EAE 2700-001 Spring 2017 Intro to Videogames
Instructor: Matt Anderson, MFA
University of Utah
Spring 2018, H / 6:00 PM - 9:00 PM SW 134
Matt's Email: email@example.com
Office Hours: By appointment only
College of Engineering Guidelines: COE Guidelines
Attendance Form: Game of the Day
Video games represent a medium that is understudied and often misunderstood. This course takes a critical look at the cultural, artistic, economic, and social aspects of this 40 year-old expressive phenomenon. With video games now surpassing the economic impact of film, and with the global penetration of games into the daily lives of, in some countries, the majority of residents, there is no excuse not to study what may become the most important cultural and artistic development of the new millennium.
This course examines several aspects of video games through a variety of theoretical lenses. We will critically explore the history, cultural aspects of, and societal issues concerning video games. We will cover the growing academic interest in video games as well as industry interests, and we will delve into the artistic and design aspects of games.
We will also be exploring industry norms and how the game industry operates. In addition to learning how to study video games, students will also practice writing a variety of academic and industry documents. In order to do this we will explore various genres of games before attempting to design our own games.
Through readings, lectures, discussion and laboratory work, at the end of the course students will have a well founded, broad understanding of the sphere of video games as well as the tools to critically evaluate video games as media. Students will also understand video games in the contexts of mainstream industry, hobbyist and hacker subculture, and academic exploration. They will also be able to understand industry roles and how to write videogame design documents.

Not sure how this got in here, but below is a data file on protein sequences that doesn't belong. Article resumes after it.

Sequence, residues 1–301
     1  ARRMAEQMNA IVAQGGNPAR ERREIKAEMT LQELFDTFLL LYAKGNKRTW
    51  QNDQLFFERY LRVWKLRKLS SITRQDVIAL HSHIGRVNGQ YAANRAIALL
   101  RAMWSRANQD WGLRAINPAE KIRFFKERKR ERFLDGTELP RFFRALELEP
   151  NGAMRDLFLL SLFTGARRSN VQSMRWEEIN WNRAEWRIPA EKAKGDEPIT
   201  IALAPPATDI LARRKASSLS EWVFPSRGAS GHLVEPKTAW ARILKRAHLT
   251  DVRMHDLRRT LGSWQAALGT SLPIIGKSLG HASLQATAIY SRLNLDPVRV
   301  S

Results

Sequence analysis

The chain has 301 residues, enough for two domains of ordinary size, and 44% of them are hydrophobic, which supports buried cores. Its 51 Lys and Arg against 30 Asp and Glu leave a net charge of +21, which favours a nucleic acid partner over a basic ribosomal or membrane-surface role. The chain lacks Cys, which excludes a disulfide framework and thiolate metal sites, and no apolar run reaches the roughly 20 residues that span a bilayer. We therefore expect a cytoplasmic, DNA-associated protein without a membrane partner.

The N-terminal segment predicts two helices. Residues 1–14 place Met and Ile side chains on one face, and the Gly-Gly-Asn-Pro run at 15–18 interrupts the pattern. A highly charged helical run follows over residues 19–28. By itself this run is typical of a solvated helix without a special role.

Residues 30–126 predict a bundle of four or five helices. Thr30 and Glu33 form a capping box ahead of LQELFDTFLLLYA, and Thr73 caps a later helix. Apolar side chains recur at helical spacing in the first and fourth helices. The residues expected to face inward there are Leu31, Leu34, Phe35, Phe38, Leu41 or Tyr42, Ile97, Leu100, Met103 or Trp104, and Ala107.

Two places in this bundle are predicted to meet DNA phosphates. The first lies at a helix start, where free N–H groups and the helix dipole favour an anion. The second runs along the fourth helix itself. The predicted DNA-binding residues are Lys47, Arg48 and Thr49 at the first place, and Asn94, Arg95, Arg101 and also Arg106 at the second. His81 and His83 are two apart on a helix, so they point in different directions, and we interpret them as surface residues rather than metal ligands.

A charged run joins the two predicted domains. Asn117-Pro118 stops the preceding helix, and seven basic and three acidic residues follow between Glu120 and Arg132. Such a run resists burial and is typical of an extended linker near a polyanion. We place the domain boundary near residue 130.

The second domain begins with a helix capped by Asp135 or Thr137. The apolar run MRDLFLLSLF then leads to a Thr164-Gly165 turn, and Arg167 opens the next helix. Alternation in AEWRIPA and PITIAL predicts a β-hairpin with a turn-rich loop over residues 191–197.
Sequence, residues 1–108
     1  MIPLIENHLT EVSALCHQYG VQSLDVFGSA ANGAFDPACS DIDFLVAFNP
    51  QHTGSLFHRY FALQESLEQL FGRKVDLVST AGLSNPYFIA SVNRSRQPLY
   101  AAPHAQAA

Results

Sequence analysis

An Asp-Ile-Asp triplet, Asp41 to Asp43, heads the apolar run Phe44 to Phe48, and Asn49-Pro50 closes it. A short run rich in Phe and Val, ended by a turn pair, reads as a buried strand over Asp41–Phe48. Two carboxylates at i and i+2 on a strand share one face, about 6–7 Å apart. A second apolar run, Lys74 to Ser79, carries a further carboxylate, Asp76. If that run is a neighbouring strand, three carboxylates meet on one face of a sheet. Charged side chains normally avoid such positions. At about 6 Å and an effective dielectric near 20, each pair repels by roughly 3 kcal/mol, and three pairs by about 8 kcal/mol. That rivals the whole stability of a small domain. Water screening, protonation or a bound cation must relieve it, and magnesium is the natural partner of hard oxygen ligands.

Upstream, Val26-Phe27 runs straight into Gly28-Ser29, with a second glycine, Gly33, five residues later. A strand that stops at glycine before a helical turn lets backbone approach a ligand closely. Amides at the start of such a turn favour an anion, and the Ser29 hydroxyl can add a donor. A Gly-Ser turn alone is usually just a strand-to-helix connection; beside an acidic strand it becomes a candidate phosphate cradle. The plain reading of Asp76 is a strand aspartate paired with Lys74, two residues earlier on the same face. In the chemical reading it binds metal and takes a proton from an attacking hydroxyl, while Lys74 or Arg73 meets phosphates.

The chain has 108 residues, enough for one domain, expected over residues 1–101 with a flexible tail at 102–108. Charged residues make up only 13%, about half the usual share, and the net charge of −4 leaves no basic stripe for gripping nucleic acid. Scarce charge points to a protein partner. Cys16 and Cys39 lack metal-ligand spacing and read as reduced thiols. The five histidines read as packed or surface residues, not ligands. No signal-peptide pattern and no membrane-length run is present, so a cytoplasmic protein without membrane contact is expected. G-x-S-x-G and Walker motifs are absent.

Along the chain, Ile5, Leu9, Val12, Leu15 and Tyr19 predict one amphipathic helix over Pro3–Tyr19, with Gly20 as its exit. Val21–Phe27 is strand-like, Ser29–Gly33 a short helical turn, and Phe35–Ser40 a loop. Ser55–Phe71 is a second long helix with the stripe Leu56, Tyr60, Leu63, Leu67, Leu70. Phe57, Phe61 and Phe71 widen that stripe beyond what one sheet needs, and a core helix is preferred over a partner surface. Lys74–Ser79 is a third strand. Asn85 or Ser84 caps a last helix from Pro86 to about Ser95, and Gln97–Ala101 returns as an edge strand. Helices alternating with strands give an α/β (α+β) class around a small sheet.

Articles and games as assigned by the instructor. Most games required are available on Xbox Live, Playstation Network, the Steam Network or multiple online sources (greenmangaming.com, GOG.com etc.). I recommend setting aside approximately $80.00 for downloading these games.
Optional, but excellent: Rules of Play: Game Design Fundamentals, by Katie Salen, Eric Zimmerman
Teaching and Learning Methods
Students are expected to fully participate in the class. Attendance at lectures, participation in discussion, as well as completion of all assignments is expected and required for satisfactory completion of the course. I also reserve the right to use a plagiarism detection service in this course, in which case you will be required to submit your paper to such a service as part of your assignment.
Due to the strict enrollment limit registered students must attend class at least one of the first two days of class in order to retain their spot. Students who miss those days forfeit their positions and must drop the class or risk earning a failing grade for the class.
Students who participate in officially sanctioned University activities (e.g., marching band, debate, athletics) will be permitted to turn work in early and/or make up assignments without penalty. Official absences must be documented at least one week prior to the absence.
The University of Utah seeks to provide equal access to its programs, services and activities for people with disabilities. If you will need accommodations in the class, reasonable prior notice needs to be given to the Center for Disability Services, 162 Olpin Union Building, 581-5020 (V/TDD). CDS will work with you and the instructor to make arrangements for accommodations. All information in this course can be made available in alternative format with prior notification to the Center for Disability Services.